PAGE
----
Montag lives with Mary, his wife of more than thirty years, in a big cinnamon-colored house in Fairwater. The couple has two grown daughters, Jenifer and Jessica.
He will present a reading from his collected works at a Poetry Reading, at the Neenah Public Library on Saturday, Oct. 12, from 11:30 a.m. to 12:30 p.m.
Gaochi Faith Vang’s message is simple and substantial: it is one of human connection. A resident of her hometown of Kaukauna, WI, Vang brings her experiences as a Midwestern, Hmong woman to the Fox Cities Book Festival, and explores themes of mental health, artistic expression, and evolution of identities.
Vang received her Bachelor Degree in Psychology with a minor in Women/Gender Studies from the University of Wisconsin-Eau Claire. Currently, she is working toward her Master of Science in Psychology, specialization in Social Psychology, holding a great interest in research. Additionally, Gaochi has a strong passion for mental health advocacy, particularly addressing its significance within the Hmong community, and believes that expression of one’s well being can occur in many artistic forms–through music, art, or pen. Specifically, writing has become her outlet bridging the gap between her experiences and her expression. As a Hmong American woman, her life and observation of life has been the foundation to the evolution of her identities.
Her book, Building Walls to Break Down, is composed of poems that embody topics surrounding mental health, identity collision, self-love, and self-acceptance. The importance of working together is also integrated within the pieces because she believes that human connection is far greater than any fear or insecurity that has grown and rooted itself within us.
Simply, Building Walls to Break Down speaks to the narratives that have often been dismissed, compromised, or adjusted for the convenience of others. It is a validating journey of support, self-acceptance, and empowerment. It integrates intersectional realities that form our instinctual need to protect ourselves from falling vulnerable into heartbreak, agony, and adversity. The book is composed of poems that touch on experiences contributing to the construction of our walls we have built around our hearts and the liberation of breaking them down, together. Rooted with emotion, the pieces discuss mental health, self-revelations, identity collision, love, pain, and a collaborative process of healing with the author and reader.
Vang will be reading from Building Walls to Break Down at the Kaukauna Public Library on Oct. 8 from 10:30 a.m. to 11:30 a.m., and at the Appleton Public Library on Oct. 9, from 4 p.m. to 5 p.m.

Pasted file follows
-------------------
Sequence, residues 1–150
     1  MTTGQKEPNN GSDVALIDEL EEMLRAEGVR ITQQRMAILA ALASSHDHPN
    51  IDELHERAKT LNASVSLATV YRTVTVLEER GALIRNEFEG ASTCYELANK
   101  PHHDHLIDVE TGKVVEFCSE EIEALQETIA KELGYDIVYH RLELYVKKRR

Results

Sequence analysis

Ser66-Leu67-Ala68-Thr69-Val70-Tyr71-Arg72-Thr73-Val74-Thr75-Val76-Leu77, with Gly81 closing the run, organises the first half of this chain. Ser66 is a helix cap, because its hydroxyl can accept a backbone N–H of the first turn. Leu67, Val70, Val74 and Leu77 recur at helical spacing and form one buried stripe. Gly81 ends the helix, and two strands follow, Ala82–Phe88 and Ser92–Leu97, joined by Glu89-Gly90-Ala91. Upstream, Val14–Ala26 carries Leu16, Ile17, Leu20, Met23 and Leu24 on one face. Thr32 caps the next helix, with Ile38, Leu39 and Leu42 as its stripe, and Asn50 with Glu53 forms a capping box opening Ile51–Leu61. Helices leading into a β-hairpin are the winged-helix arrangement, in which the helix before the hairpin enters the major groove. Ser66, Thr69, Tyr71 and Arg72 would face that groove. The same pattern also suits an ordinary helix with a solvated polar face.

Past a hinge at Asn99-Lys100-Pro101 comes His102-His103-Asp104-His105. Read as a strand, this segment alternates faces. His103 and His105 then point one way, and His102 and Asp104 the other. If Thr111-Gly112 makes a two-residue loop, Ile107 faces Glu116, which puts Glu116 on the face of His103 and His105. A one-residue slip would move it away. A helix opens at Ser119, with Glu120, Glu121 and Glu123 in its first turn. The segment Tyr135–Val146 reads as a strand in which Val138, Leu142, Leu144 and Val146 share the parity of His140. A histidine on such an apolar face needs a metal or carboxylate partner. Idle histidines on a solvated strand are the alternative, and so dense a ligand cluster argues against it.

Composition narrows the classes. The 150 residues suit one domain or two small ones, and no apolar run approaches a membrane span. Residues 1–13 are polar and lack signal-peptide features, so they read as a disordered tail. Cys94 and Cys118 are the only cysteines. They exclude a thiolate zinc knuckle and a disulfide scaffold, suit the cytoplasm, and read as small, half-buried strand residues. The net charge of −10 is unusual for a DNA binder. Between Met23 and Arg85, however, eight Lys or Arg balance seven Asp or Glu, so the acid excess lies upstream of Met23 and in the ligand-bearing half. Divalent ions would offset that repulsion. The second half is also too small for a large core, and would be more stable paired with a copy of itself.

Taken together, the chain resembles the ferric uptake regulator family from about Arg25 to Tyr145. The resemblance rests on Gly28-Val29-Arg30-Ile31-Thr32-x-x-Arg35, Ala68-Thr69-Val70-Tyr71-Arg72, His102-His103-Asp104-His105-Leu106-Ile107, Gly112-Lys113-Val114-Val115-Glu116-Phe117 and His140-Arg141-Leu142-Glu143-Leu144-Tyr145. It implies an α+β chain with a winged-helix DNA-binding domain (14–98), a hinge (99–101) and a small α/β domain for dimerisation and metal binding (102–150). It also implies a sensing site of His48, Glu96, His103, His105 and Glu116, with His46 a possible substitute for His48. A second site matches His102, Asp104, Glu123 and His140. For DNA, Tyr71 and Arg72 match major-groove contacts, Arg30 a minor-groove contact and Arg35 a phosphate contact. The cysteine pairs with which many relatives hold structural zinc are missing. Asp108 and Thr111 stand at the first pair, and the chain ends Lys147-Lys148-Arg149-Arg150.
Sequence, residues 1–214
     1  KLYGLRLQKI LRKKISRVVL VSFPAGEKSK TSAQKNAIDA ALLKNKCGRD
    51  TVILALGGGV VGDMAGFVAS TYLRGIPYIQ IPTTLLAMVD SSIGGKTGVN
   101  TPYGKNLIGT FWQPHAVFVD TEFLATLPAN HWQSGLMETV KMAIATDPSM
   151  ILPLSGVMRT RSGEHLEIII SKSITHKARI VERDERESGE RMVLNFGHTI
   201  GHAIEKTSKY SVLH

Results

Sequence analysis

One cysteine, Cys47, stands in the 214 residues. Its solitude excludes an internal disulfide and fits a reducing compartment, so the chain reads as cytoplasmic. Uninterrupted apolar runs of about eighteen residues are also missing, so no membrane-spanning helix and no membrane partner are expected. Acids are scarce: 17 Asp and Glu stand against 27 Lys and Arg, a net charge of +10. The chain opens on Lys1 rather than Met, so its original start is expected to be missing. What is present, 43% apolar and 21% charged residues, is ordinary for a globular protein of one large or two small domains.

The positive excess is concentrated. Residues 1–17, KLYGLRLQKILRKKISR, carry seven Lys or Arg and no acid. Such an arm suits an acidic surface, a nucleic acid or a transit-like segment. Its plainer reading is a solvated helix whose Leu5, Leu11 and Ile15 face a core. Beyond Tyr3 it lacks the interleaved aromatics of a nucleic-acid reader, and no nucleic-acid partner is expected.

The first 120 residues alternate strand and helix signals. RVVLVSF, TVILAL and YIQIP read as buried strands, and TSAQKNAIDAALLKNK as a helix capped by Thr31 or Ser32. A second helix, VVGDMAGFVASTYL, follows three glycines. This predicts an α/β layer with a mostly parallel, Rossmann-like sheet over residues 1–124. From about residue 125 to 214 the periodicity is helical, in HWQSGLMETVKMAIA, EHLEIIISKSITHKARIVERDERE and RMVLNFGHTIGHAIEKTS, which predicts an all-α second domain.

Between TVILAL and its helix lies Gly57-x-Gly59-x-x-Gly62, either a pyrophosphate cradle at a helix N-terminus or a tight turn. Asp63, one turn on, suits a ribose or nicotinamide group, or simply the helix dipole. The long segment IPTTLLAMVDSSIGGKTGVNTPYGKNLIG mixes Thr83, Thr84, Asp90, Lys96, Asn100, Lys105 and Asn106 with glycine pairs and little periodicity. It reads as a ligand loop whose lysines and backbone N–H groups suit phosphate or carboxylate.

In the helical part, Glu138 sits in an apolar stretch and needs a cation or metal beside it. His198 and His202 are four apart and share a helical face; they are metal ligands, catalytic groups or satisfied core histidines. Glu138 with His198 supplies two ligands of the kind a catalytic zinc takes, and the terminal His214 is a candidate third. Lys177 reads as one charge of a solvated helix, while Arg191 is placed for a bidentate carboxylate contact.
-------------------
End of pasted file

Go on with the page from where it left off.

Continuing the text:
Allison Joseph and Jon Tribble
Allison Joseph and Jon Tribble, literary and life partners, are no strangers to the Midwest. Their poetry carries a relevance and timelessness state borders cannot transcend. They live in Carbondale, Ill., where Joseph directs the MFA Program in Creative Writing at Southern Illinois University and Tribble directs internships in editing and publishing for the Department of English at Southern Illinois University Carbondale.
Festival goers can listen to Allison Joseph and Jon Tribble read from their acclaimed work at a Poetry Reading on Oct. 12 from 6:30 p.m. to 7:30 p.m. at Lawrence University’s Warch Campus Center.
Allison Joseph grew up in Toronto, Canada, and the Bronx, New York. She serves as poetry editor of Crab Orchard Review, the publisher of No Chair Press, and the director of Writers In Common, a writing conference for writers of all ages and experience levels. In 2014, she was awarded a Doctor of Letters honorary degree from her undergraduate alma mater, Kenyon College.
A prolific writer and poet, Joseph’s 16 books and chapbooks titles include What Keeps Us Here(Ampersand Press), Soul Train (Carnegie Mellon University Press), Multitudes (Word Poetry), and a dozen more. She has published fiction and nonfiction, and travels frequently to read from her work at various festivals, conferences, and universities.
Her latest full-length book of poetry, Confessions of a Barefaced Woman, (Red Hen Press, 2018) was chosen as the Gold/First Place Winner in the poetry category of the 2019 Feathered Quill Book Awards. Confessions of a Barefaced Woman is also a 2019 nominee in the poetry category of the NAACP Image Awards, and a 2019 finalist for both the Montaigne Medal and the Da Vinci Eye Book Award.
Jon Tribble was born in Little Rock, Ark. He grew up in Aldersgate, a church camp devoted to medical and social services programming. He has an eclectic background of jobs and life experience, which he carries into his written works.
“I spent around two and a half years working in fast food as a cook and over seven years doing about every job you can do in movie theaters. I also worked as a dishwasher, maintenance worker, data processing clerk, and security guard. All of these jobs have influenced the writing I do because I have always written with my co-workers from these jobs in mind when I think of my ideal audience,” Tribble told The Atticus Review, in a 2015 interview.
Tribble is author of three collections of poems: Natural State (Glass Lyre Press, 2016), And There Is Many a Good Thing (Salmon Poetry, 2017), and God of the Kitchen (Glass Lyre Press, 2018) and has received various nominations and awards for his work. Tribble is also managing editor of Crab Orchard Review and series editor of the Crab Orchard Series in Poetry published by SIU Press.